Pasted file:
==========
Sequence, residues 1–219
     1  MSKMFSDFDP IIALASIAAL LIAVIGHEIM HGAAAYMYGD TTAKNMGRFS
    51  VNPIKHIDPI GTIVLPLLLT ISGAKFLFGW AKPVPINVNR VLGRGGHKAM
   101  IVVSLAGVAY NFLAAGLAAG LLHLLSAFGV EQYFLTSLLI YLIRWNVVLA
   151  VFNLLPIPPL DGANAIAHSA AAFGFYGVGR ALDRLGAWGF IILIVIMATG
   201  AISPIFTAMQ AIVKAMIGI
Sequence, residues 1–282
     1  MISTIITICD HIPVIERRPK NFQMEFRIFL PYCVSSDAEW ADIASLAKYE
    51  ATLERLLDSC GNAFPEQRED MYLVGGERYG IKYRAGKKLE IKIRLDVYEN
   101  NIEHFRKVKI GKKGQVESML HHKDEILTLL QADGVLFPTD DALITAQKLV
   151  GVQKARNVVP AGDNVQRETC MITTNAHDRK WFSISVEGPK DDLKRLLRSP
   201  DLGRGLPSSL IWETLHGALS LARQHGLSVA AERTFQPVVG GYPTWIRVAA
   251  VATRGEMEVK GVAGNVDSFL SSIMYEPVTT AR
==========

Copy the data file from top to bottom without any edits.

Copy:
Sequence, residues 1–219
     1  MSKMFSDFDP IIALASIAAL LIAVIGHEIM HGAAAYMYGD TTAKNMGRFS
    51  VNPIKHIDPI GTIVLPLLLT ISGAKFLFGW AKPVPINVNR VLGRGGHKAM
   101  IVVSLAGVAY NFLAAGLAAG LLHLLSAFGV EQYFLTSLLI YLIRWNVVLA
   151  VFNLLPIPPL DGANAIAHSA AAFGFYGVGR ALDRLGAWGF IILIVIMATG
   201  AISPIFTAMQ AIVKAMIGI
Sequence, residues 1–282
     1  MISTIITICD HIPVIERRPK NFQMEFRIFL PYCVSSDAEW ADIASLAKYE
    51  ATLERLLDSC GNAFPEQRED MYLVGGERYG IKYRAGKKLE IKIRLDVYEN
   101  NIEHFRKVKI GKKGQVESML HHKDEILTLL QADGVLFPTD DALITAQKLV
   151  GVQKARNVVP AGDNVQRETC MITTNAHDRK WFSISVEGPK DDLKRLLRSP
   201  DLGRGLPSSL IWETLHGALS LARQHGLSVA AERTFQPVVG GYPTWIRVAA
   251  VATRGEMEVK GVAGNVDSFL SSIMYEPVTT AR